From Silicon Valley to Main Street, firms say SunEdison owes money

Mon Apr 4, 2016 2:39pm EDT
 
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By Nichola Groom

LOS ANGELES (Reuters) - Businesses ranging from Silicon Valley venture capitalists to a small Massachusetts solar installer say they are owed money by SunEdison Inc, underscoring the breadth of a breakneck expansion seen contributing to the solar and wind energy company's financial woes.

Two dozen legal claims have been made since the beginning of the year against SunEdison and its executives, mainly from shareholders who claim the company misled them about its financial position, a review of cases on Westlaw showed.

None of the lawsuits reviewed have yet been adjudicated, nor have the claims been validated. Most are too recent for SunEdison to have filed a response to, and the company did not respond to requests for comment.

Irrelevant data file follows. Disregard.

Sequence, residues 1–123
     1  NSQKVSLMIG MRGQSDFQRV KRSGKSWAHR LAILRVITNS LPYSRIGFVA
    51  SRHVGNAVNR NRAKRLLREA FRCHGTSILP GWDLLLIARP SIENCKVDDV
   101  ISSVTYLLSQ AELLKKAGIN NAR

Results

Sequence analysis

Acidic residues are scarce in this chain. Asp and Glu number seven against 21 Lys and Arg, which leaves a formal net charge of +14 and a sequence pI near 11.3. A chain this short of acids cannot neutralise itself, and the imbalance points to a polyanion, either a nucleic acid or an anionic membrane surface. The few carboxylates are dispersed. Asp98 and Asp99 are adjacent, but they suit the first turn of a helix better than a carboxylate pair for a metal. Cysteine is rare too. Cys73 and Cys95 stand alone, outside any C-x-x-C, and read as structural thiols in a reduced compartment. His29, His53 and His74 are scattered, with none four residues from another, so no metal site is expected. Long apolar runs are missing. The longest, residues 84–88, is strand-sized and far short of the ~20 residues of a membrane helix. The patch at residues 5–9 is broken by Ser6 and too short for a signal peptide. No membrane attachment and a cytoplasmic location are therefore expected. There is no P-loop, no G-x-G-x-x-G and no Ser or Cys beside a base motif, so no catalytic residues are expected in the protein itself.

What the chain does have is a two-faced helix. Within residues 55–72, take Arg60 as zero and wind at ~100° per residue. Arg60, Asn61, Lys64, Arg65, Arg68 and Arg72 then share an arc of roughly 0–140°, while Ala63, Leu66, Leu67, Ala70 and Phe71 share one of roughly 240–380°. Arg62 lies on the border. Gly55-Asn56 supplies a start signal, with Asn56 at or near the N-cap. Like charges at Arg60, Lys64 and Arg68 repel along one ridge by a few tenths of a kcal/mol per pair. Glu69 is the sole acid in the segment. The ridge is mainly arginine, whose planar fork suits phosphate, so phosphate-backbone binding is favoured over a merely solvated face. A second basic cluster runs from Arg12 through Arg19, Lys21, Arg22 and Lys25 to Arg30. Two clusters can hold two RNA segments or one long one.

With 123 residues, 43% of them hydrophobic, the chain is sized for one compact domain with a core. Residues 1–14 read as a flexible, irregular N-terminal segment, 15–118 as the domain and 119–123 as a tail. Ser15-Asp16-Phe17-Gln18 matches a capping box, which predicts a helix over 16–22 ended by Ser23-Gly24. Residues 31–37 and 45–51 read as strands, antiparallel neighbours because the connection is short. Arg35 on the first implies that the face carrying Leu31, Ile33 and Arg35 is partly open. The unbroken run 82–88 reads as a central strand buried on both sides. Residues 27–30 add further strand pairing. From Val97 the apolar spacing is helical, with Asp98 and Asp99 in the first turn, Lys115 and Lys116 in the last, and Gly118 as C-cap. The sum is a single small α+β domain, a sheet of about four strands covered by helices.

SunEdison also faces a major lawsuit from solar installer Vivint Solar Inc for failing to complete its $1.9 billion acquisition of the company. In its annual filing in March last year it disclosed only two significant lawsuits.

Roughly half a dozen suits filed since February for breach of contract claims from partners and suppliers offer a window into the reach of SunEdison. In just a few years, the maker of silicon "wafers" for solar cells has transformed itself into the world's fastest growing renewable energy developer, taking on projects as small as a family home or as big as a desert solar array.

SunEdison's shares have fallen about 98 percent over the past 12 months. It faces a cash crunch, a $12 billion debt pile, and scrutiny from U.S. regulators over a failed deal, among other issues. [ID: nL3N1735EJ]

The breadth of partner lawsuits showed the results of an "out of control shopping spree" in 2014 and 2015, said Pavel Molchanov, an analyst who follows the solar industry for Raymond James.

"This was expansion on steroids and obviously we are seeing how that movie is ending very badly because the company is struggling to keep up with its bills," Molchanov said.   Continued...

 
Solar panels of local mining company CAP, which were installed by SunEdison, are seen in the Atacama Desert, in this June 5, 2014 file photo. REUTERS/Fabian Andres Cambero/Files